But joyous engagement isn’t easily willed, and in my own secret moments of claustrophobia, I feel myself to be that worst of all female possibilities: an anti-mother, a shrew.
As I’ve moved further into motherhood, there have been small moments of relief from this feeling, moments like windows suddenly cracked open. Over the phone one evening, my friend Karen described how she and her husband alternate nightly between dishwashing and putting the kids to bed. “Dish night,” she told me, “is the good night!”—and I laughed the ecstatic laugh of recognition. Ellen, after surgery, texted, asking if it was “bad” that she wanted to stay at the hospital and get a longer break from her children. I dialed her number, shouted, “I love you so much!” and then, breathless with freedom, fessed up to my own longing.
How many mothers are at this very moment hiding under a table, dreading the patter of feet getting louder down the hall?
• • •
In her 1976 book Of Woman Born, Adrienne Rich describes how becoming a mother impacted her sense of self. She recalls being a young wife in 1950s America, her husband and in-laws eager for the clear next step in their journey: children. “I had no idea of what I wanted. . . .” she writes. “I only knew that to have a child was to assume adult womanhood to the full, . . . to be ‘like other women.’” Rich describes the sensation, after becoming a mother, of being interrupted by one of her sons during an adult activity: “I would feel his wants . . . as an attempt moreover to defraud me of living even for fifteen minutes as myself. . . . I would feel the futility of any attempt to salvage myself, and also the inequality between us: my needs always balanced against those of a child, and always losing.”
This feeling Rich describes, a characteristic of what she calls “institutionalized motherhood,” resonates with me deeply, nearly fifty years later. It is historically situated in the demands society has placed on mothers for centuries: to choose self-sacrifice over self-fulfillment, maternal “instinct” over individual pursuit. I’d wager that, if anything, these demands have only increased. I rarely played as a child with my own mother, unless it was the occasional board game—Monopoly or Battleship. Instead, I ventured on long walks with the dog; I slipped a dollar in my pocket and strolled to the convenience store to buy Fun Dip. But in this era of heightened anxiety, gone are the days when children pedal off on their bikes until dinnertime or meet in neighborhood packs. Our children remain, clock tick to clock tick, under our watchful eyes, as close as shadows. And in their captivity, we, too, find ourselves captive, surrounded and bound by their sweet and relentless need.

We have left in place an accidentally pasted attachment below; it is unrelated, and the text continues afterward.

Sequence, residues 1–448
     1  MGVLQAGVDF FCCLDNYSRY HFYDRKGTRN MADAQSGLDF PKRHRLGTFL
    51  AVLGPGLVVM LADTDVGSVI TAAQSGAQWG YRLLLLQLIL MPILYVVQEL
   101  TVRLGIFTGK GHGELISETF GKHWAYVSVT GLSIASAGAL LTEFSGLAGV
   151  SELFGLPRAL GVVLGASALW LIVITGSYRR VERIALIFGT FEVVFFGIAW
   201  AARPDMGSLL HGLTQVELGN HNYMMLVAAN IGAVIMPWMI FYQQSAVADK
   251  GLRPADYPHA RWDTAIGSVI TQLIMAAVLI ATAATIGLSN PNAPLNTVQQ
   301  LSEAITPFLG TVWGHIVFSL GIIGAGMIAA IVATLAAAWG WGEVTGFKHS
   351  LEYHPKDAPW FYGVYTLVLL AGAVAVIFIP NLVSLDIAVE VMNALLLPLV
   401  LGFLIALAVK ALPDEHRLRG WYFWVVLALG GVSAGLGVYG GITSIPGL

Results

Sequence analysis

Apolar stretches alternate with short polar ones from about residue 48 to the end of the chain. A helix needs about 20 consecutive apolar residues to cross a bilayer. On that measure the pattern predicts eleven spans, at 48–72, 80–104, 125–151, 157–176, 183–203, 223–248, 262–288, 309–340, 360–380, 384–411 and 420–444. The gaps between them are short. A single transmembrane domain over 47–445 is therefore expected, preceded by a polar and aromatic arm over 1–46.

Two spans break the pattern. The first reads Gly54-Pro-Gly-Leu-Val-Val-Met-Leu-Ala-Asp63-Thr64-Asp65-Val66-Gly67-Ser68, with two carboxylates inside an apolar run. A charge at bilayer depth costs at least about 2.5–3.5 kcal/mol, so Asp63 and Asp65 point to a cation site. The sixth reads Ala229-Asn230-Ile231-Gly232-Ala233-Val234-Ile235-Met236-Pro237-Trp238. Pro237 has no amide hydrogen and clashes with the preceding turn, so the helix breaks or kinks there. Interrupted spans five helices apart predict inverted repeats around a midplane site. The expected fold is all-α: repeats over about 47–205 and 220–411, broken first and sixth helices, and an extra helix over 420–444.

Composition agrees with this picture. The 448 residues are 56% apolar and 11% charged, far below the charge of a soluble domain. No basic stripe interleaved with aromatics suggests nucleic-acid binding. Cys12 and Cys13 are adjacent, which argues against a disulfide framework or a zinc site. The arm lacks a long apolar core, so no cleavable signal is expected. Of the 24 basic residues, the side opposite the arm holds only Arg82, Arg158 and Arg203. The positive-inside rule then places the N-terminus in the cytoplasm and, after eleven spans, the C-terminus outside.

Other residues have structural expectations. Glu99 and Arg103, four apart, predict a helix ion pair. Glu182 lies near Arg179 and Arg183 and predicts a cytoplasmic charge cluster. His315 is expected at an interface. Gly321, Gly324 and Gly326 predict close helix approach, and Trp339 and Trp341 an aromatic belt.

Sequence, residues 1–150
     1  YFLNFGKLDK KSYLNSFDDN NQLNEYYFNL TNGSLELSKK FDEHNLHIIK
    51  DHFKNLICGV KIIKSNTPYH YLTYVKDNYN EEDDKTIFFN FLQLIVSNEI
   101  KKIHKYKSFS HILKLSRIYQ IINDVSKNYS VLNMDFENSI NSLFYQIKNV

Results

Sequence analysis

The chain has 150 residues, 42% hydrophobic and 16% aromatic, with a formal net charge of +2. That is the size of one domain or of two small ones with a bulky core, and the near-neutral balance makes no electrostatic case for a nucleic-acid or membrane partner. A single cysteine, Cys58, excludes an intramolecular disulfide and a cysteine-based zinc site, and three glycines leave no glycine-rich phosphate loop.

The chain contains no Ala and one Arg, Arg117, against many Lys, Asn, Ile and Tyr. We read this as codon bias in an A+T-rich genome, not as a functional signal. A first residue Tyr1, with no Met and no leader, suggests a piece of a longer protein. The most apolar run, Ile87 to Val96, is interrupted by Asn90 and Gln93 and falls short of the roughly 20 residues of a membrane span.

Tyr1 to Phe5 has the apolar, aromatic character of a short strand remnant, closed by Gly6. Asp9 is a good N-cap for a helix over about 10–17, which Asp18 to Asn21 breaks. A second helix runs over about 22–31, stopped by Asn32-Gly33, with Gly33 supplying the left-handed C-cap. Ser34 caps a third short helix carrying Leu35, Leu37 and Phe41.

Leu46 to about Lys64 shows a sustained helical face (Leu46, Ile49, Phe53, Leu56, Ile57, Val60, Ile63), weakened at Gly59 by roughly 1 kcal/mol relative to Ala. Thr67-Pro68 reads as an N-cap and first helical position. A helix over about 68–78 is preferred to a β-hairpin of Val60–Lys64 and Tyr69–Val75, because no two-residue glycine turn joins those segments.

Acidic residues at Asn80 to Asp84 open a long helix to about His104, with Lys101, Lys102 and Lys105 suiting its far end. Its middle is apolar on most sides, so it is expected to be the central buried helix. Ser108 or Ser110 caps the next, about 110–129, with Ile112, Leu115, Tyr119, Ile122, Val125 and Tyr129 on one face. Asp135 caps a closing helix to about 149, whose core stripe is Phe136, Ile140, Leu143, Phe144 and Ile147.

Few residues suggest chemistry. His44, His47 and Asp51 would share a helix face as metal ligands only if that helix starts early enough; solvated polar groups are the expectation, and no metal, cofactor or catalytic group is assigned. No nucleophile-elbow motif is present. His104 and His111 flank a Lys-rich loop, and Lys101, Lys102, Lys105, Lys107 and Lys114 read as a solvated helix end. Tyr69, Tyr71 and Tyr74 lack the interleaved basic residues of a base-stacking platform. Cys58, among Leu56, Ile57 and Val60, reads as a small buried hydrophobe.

• • •
Rich’s perspective is a comfort, but it’s strenuous to keep hoisting it up as the lens through which I experience motherhood.
One recent fall day, I picked up Louisa and Jeffrey from school, and we headed to the playground. They ate chocolate chip granola bars, and then Jeffrey brushed away crumbs and sprinted off to join friends. Louisa sat with me on the bench a little longer and then tapped my leg. “Race you to the basketball court, Mommy!”
I’d been running around all morning: a volunteer STEM project in Jeffrey’s classroom, then the grocery store, then a meeting with my graduate program advisor. “I don’t feel like racing, Lou,” I said.
“Please,” she said.
Her voice was a hook in my skin. What I wanted to do was sit there on the bench, leaves swirling at my feet while I disappeared into pages of Elizabeth Bishop, looking up occasionally to glimpse my children. I gave in and zipped my daughter back and forth on the zip line a few times, but when I stopped to return to the bench and Bishop, Louisa dropped to the ground and tugged at my hand. “Stay here!”
I looked at her. Her small freckled cheeks, the wisps of hair that had escaped from her ponytail, the dot of chocolate in the corner of her mouth—these and the million other tender threads between my firstborn child and my heart were no match, at that moment, for what seethed in me. “There are a gazillion children your age here,” I snapped. “This is why we come to a playground. I am not your playmate.”
She followed me back to the bench, where I pulled my book from my bag, my fingers fumbling to find my place. But the words were now impenetrable marks on a page, distorted by the wretched situation I’d created: my daughter’s sorrow and hurt; my own shame and anger. There are countless things I could have said in that moment to make things better. Instead, I hunkered down like a gargoyle, stewing in my failure.